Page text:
Tarantulas will rarely would rarely just die in this position (unless during a molt) - they are more likely to be found dead with their legs curled under them.
Other Signs That a Tarantula is About to Molt
There are other, more subtle signs that a tarantula is about to molt, although some of these can occur for other reasons too:
- Eating Less - a tarantula getting ready for a molt will usually stop eating, sometime for as long as a few weeks before a molt.
- Inactivity - a tarantula getting ready to molt will often become quite suggish.
- Bald Spot - tarantulas also sometimes develop a bald spot on their abdomen that grows increasingly dark as the molt draws near (a bald spot can also occur in new world tarantulas that have been kicking off their urticating hairs). After molting, the bald spot will be gone.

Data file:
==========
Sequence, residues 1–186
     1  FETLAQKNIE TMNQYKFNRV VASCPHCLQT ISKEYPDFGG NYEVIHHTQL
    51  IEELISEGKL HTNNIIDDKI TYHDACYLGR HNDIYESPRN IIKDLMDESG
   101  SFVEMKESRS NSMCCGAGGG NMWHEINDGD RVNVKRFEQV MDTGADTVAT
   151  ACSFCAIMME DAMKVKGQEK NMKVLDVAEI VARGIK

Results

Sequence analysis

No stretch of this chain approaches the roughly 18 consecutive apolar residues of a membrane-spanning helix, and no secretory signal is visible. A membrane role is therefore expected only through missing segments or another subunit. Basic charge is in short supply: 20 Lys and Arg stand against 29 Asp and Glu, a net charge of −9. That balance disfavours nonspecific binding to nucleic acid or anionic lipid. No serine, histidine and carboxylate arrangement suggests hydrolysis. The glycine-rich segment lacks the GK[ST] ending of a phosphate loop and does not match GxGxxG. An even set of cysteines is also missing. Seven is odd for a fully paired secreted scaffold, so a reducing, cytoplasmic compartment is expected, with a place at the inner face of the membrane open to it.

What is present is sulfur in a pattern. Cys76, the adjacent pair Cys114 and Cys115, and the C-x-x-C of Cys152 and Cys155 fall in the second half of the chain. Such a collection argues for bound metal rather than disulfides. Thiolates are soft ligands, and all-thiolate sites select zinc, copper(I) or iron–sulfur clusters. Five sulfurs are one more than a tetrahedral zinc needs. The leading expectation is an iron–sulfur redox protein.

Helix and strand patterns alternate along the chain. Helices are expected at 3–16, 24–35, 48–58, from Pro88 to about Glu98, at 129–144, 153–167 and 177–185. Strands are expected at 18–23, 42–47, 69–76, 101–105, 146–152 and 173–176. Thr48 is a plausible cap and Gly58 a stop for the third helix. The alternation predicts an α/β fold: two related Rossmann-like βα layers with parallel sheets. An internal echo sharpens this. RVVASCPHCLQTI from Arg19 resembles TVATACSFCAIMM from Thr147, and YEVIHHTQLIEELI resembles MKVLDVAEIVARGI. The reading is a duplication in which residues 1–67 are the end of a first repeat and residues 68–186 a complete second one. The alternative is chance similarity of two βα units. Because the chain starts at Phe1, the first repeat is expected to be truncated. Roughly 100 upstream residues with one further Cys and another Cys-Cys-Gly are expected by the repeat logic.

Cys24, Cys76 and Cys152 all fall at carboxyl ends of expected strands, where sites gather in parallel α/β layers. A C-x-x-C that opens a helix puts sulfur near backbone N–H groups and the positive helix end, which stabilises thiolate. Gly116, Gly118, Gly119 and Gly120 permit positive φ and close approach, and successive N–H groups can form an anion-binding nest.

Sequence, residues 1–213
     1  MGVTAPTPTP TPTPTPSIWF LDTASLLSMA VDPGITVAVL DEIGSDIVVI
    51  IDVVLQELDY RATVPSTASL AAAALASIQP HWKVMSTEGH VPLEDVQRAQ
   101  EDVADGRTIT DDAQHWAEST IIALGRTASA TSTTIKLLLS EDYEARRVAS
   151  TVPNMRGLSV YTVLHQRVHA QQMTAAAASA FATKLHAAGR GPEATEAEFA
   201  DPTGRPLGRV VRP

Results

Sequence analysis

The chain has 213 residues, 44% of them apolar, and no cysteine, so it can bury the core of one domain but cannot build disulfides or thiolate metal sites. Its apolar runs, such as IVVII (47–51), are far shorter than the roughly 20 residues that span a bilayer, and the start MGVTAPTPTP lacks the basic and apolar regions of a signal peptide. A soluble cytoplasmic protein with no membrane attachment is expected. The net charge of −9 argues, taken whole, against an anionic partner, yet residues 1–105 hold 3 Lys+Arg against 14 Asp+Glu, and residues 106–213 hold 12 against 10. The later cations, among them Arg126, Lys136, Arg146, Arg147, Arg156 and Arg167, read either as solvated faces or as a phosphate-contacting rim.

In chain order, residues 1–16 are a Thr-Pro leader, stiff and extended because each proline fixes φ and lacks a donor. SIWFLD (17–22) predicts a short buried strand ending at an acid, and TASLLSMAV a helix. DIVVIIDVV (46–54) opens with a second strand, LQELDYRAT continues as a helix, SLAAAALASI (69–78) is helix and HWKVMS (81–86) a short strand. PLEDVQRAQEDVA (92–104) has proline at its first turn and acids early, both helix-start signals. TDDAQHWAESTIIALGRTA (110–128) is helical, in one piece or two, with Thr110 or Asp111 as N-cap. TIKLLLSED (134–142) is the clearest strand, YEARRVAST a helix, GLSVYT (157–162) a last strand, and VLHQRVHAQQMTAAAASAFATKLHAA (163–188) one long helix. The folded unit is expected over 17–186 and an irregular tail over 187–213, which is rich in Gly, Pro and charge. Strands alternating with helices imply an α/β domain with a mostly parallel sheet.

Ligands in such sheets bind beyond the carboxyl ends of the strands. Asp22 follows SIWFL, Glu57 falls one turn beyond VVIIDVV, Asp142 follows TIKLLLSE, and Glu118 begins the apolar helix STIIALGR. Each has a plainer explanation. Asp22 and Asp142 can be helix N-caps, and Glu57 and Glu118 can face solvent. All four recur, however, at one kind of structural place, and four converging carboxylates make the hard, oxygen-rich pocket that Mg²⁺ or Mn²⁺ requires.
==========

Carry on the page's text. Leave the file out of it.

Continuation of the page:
- Increased use of webbing (they may make a mat out of silk for molting).
- Dull coloration.
Molting is Stressful and Dangerous
As the old exoskeleton is shed, the tarantula's body will be soft and extremely vulnerable. Though the actual molting usually takes a few hours, the tarantula's body will be soft and vulnerable for several days before the new exoskeleton hardens completely. You should never handle a molting tarantula. As mentioned before, also make sure there are no crickets in the tarantula's tank, and do not feed a newly molted tarantula for a week, at least. The newly molted tarantula is so sensitive that even an innocuous little cricket can cause serious harm.
How Often Do Tarantulas Molt?
Because spiders have an exoskeleton, they must shed the old exoskeleton and form a new one in order to grow. Therefore, young growing spiders will molt more frequently (up to monthly) than older spiders (who may only molt every year or two).